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I noticed today at Locus that the 2008 Spectrum Grand Master is John Jude Palancar, whose artwork I have loved since I first saw it… And in fact, I think the most memorable cover by him for me was for The Wild Swans by Peg Kerr.

Then I wondered what happened to Peg Kerr… She wrote two books in the late 1990s, then seemed to disappear. It looks like mainly be life and short fiction happened, as life often does, and short fiction sometimes does. I just hope she eventually comes back to novels, as both Emerald House Rising (1997) and The Wild Swans (1999) are excellent books.

And also, here’s an article about Elizabeth Moon, about her life and writing. She’s one of those people who does many things with her life, and it usually shows up in her writing at some point–there are some really nice takes on EMTs in space in some of her short stories. She makes an interesting comment that science fiction is easier to write than fantasy. I for one am glad that the return to fantasy publication is imminent, but no more news on that front from this article (found via The Swivet).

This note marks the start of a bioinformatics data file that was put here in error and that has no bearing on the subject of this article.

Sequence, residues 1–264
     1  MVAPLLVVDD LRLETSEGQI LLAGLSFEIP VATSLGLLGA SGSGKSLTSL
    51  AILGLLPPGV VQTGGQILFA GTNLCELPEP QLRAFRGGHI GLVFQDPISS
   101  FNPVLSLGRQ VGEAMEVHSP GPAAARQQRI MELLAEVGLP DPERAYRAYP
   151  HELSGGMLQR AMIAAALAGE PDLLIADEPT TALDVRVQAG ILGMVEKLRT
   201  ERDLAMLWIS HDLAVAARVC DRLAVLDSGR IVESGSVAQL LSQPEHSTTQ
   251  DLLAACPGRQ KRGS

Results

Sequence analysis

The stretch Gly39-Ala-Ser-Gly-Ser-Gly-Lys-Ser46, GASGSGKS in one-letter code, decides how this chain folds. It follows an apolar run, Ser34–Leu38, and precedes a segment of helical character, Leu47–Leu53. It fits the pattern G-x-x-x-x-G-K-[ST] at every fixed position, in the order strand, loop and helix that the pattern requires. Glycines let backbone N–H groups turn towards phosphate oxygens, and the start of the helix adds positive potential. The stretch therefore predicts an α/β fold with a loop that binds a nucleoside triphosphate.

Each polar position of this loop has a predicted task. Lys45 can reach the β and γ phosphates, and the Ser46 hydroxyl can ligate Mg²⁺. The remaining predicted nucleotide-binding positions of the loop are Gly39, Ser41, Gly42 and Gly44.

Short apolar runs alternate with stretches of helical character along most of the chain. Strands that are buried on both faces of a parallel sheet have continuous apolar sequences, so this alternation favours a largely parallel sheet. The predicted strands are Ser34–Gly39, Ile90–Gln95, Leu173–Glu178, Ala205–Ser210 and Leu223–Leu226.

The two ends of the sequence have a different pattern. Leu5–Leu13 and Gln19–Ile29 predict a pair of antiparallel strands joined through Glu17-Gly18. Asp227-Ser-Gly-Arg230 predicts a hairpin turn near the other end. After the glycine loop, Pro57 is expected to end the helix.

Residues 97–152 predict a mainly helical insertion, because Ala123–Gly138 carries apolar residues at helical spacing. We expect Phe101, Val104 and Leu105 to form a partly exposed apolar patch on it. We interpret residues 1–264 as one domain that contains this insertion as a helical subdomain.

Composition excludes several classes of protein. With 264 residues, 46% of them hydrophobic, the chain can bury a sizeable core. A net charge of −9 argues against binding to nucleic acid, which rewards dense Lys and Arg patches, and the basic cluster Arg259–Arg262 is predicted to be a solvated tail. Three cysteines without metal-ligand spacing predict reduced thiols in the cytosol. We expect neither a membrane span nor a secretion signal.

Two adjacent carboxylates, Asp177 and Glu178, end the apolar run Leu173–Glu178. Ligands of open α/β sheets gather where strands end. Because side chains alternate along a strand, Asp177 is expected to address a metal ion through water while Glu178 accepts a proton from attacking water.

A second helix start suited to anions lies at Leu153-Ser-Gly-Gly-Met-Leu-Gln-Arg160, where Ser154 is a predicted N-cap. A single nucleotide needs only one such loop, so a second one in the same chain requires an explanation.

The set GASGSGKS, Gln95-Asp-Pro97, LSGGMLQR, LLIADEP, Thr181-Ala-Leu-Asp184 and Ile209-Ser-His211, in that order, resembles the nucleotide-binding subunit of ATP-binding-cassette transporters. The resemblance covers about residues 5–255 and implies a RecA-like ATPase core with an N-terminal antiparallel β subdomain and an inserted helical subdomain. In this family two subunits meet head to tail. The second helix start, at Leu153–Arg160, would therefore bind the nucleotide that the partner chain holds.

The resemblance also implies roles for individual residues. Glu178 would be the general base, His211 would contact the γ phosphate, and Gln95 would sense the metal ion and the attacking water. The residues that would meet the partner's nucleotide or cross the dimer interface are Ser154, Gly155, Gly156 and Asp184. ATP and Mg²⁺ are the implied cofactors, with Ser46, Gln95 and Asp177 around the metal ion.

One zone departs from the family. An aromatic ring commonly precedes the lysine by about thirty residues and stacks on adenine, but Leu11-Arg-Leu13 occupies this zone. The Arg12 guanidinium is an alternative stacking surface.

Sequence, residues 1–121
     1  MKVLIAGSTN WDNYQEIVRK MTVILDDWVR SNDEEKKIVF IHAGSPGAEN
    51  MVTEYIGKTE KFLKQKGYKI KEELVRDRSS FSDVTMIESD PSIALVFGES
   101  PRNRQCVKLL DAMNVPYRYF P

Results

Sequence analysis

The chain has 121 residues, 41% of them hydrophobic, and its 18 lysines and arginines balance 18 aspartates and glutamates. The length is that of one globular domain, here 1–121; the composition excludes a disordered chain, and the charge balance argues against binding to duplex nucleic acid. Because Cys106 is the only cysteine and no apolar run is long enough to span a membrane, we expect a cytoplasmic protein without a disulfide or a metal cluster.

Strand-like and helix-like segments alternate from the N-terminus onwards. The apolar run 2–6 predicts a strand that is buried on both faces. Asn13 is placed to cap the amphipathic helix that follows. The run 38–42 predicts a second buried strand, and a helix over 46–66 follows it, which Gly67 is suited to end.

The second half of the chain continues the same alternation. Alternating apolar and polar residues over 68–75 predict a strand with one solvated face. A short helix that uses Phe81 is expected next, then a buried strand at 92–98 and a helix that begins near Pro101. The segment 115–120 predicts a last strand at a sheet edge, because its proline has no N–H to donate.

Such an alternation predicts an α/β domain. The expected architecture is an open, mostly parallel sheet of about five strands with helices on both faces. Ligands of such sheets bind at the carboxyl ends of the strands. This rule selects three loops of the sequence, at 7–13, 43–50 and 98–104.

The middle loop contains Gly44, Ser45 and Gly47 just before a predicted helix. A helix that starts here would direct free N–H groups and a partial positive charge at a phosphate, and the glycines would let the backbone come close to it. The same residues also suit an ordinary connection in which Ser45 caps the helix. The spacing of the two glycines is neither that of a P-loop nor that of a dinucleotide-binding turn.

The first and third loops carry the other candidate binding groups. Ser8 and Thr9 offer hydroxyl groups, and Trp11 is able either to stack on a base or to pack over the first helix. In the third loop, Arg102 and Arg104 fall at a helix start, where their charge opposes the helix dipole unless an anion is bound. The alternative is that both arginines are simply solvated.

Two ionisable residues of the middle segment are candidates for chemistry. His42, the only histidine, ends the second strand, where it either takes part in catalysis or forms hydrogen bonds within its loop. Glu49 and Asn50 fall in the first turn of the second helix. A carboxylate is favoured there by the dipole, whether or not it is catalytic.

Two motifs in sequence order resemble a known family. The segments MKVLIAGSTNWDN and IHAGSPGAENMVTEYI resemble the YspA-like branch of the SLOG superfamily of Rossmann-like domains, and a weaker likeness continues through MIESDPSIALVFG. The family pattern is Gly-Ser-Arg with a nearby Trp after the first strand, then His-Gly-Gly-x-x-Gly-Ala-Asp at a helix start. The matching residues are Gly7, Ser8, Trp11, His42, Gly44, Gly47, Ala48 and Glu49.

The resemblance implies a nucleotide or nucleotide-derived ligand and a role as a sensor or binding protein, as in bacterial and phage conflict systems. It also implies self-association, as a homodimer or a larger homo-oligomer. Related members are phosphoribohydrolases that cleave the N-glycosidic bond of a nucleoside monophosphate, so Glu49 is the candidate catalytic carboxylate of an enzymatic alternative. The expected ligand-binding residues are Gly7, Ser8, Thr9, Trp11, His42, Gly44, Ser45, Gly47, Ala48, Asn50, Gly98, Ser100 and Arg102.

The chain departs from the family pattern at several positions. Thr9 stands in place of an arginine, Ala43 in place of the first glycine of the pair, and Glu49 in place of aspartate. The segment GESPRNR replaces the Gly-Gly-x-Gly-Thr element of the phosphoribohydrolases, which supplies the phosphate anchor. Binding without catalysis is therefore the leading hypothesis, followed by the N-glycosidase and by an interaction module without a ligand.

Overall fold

When I was at McNally Robinson (a local bookseller) a couple days ago, I happened upon a Red Deer Press reprint of Doranna Durgin‘s Dun Lady’s Jess. So excited! I kept trying to get my hands on this book way back when it first came out, and could only ever get sequels because it always seemed to be out of print despite its popularity. And it just takes the cake that it’s a small Canadian press as well. O happy day! So look for a review of that in the near future, though there are some others in progress before that one will be up on the reading block…

Nebula Awards, KeyCon, and other tidbits
February 25, 2008, 2058
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So the SFWA’s Nebula Awards final ballot for 2007 are out and up for predictions. After all, we just finished the Academy Awards, and by golly, this is at least a little more intriguing if not as flashy (picturing some of the male authors in fancy evening gowns makes me snerk gleefully). I suck at predictions, and actually haven’t read all that many of these (some day, some day)–what do you folks think?

For those keeping track, the free Neil Gaiman book will be American Gods, available for download on Feb. 28. Or so says the author in his journal.

Holly Lisle’s Hawkspar has shown up on various online booksellers for pre-orders. I loved Talyn, so I’m very excited to read Hawkspar.